3 Questions for

Andreas Liebl

Managing Director of UnternehmerTUM Projekt GmbH and member of Plattform Lernende Systeme

Andreas Liebl

New business models with AI: Experimental approach required

Optimizing processes, improving products and services - these are the goals of the digitalization of the business world. The increasing use of Artificial Intelligence (AI) is now heralding a further phase: The intelligent use and linking of data enables new forms of business cooperation and completely new business models. In future, products and services can be adapted to the individual wishes and needs of customers. For companies - regardless of their size - the question arises: How can they use AI for their business or develop new AI-based business models? Answers to these questions are provided by our member Andreas Liebl, co-author of the report New Business Models with Artificial Intelligence.


What questions should companies ask themselves when introducing AI?

Andreas Liebl: First of all you have to think about it: What do I actually want to do with the technology? Artificial Intelligence is first of all a new tool and the question is: How do I want to use it? Which use cases do I want to work with? Do I want to manufacture new products or improve my processes? Then the question arises how far I want to go: Do I use AI as a standard tool, as my competitors probably do? Or do I want to stand out from the competition - whether to gain a competitive advantage or to maintain my position?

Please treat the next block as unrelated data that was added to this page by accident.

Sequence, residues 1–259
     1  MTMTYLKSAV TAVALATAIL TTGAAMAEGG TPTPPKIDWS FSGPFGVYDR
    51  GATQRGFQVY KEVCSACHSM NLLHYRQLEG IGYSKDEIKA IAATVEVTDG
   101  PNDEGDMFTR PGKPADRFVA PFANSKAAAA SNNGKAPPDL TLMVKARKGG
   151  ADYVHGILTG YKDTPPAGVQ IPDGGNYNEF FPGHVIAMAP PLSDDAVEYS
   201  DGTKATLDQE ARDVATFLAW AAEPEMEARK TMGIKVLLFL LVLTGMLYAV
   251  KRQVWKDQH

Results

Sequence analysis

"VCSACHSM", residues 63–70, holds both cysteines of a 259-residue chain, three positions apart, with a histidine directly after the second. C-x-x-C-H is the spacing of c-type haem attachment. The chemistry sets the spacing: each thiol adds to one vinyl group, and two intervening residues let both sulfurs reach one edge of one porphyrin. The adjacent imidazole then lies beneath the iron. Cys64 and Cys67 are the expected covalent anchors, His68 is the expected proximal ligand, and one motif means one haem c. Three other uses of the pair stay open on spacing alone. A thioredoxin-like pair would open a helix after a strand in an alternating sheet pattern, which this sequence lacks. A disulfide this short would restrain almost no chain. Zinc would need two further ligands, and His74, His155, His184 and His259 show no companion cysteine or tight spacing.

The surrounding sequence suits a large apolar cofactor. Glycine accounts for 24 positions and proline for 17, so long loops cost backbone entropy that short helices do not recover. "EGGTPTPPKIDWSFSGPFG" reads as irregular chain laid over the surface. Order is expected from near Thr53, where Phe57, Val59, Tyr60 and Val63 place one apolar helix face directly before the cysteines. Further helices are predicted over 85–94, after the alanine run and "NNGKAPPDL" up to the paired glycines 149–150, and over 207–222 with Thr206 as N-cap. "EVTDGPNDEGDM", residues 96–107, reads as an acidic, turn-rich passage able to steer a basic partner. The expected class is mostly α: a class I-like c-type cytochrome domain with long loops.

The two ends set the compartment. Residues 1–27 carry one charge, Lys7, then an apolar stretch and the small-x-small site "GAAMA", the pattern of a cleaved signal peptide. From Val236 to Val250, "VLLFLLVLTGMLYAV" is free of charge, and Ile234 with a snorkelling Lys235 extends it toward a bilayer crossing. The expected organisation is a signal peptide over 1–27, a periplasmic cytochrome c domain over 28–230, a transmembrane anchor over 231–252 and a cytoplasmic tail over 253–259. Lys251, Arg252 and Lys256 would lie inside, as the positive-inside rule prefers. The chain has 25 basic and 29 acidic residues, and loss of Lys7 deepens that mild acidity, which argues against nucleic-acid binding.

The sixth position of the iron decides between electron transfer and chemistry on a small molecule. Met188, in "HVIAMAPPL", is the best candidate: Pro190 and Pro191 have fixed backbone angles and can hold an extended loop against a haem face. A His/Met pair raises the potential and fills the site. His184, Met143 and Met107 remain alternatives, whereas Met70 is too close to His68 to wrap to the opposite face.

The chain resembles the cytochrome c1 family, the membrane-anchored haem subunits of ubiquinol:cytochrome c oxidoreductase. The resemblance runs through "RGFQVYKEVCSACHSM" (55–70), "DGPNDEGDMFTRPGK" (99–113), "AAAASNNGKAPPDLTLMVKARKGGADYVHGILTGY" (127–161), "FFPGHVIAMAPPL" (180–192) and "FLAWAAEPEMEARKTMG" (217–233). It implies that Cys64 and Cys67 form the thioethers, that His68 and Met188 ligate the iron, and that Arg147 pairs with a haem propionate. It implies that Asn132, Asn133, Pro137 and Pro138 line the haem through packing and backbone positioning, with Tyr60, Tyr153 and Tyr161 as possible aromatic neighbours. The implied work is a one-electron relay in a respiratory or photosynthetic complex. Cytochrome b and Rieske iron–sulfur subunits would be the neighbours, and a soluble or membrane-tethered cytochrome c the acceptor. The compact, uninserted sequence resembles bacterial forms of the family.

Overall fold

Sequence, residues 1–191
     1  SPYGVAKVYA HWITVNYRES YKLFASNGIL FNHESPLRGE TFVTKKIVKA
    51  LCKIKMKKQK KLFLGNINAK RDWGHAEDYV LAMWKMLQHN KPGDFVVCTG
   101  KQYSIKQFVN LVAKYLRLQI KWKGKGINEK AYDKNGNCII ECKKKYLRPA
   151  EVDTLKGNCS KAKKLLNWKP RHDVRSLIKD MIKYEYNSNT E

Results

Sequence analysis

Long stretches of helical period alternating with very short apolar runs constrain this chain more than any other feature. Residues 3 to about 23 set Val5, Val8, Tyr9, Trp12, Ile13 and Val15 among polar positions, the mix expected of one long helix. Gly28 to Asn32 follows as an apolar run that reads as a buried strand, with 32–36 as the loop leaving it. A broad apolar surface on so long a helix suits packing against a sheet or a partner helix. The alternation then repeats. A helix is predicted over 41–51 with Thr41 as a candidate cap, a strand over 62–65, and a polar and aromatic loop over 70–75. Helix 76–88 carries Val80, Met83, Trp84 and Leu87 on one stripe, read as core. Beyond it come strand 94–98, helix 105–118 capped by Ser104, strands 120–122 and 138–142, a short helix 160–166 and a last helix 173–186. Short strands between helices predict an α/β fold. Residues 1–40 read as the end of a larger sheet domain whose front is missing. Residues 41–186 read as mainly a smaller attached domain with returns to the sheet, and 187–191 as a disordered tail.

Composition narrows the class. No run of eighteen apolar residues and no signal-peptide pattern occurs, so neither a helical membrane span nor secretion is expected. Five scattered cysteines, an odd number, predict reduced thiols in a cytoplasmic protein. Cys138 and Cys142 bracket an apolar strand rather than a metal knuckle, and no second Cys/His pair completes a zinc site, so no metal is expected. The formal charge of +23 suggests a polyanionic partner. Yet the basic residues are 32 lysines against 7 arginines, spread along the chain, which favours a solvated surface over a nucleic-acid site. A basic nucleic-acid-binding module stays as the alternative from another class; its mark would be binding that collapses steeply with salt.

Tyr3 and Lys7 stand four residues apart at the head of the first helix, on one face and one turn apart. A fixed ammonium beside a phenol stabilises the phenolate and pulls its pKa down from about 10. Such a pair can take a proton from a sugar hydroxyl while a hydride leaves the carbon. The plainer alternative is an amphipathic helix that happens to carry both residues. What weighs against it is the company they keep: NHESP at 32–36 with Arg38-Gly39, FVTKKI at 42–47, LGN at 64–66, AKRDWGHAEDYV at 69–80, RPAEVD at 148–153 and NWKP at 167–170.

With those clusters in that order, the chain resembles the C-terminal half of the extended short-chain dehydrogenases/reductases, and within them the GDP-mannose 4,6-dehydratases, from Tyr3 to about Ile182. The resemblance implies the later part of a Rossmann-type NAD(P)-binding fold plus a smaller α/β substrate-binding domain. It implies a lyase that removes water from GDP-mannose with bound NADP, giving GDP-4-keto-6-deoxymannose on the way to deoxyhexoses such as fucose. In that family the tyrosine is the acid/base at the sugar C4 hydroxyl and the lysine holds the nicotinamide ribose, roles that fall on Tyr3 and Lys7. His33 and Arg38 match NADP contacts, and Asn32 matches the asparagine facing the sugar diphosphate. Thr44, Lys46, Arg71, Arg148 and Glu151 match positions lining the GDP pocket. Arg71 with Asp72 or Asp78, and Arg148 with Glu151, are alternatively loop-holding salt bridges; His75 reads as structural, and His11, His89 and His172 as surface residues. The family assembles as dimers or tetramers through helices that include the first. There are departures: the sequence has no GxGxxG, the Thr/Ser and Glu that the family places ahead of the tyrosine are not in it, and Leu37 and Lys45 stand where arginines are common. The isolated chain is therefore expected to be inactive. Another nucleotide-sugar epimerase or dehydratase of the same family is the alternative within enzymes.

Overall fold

What distinguishes AI from other IT tools?

Andreas Liebl: AI is a learning system. It's not about writing 10,000 lines of code as a requirement, programming it, handing it over and that's it. The introduction of AI is much more experimental. Data is very important - so I have to build up central data pools. Then I try it out and maybe get 70 or 80 percent accuracy in my application - and eventually more. I have to accept that. The introduction of AI is not deterministic, but probabilistic. That means I have to learn to deal with uncertainty and probabilities. And I have to collect data in such a way that I can also learn with this data. In addition, it must be clear that there are currently far too few AI specialists. It is therefore important to use the few resources as efficiently as possible. If every department starts to build a small application, I will never get beyond prototypes - and the specialists will also leave my company relatively quickly.


Where are the classic stumbling blocks in the introduction of AI?

Andreas Liebl: Very classical: There are many prototypes that never make it into application. The technology for AI systems is available. Often the company gets to relevant data after some time. Then a neural network is trained and the prototype is ready - and remains a prototype because the project was set up as such from the beginning. For a successful introduction, however, I have to think of AI from the very beginning as a product that will be implemented in the long term. That means: Instead of historical data I have to use real time data - even if it might be wrong. And: Instead of a fixed-designed solution, I need a stable system that can be used and maintained reliably.

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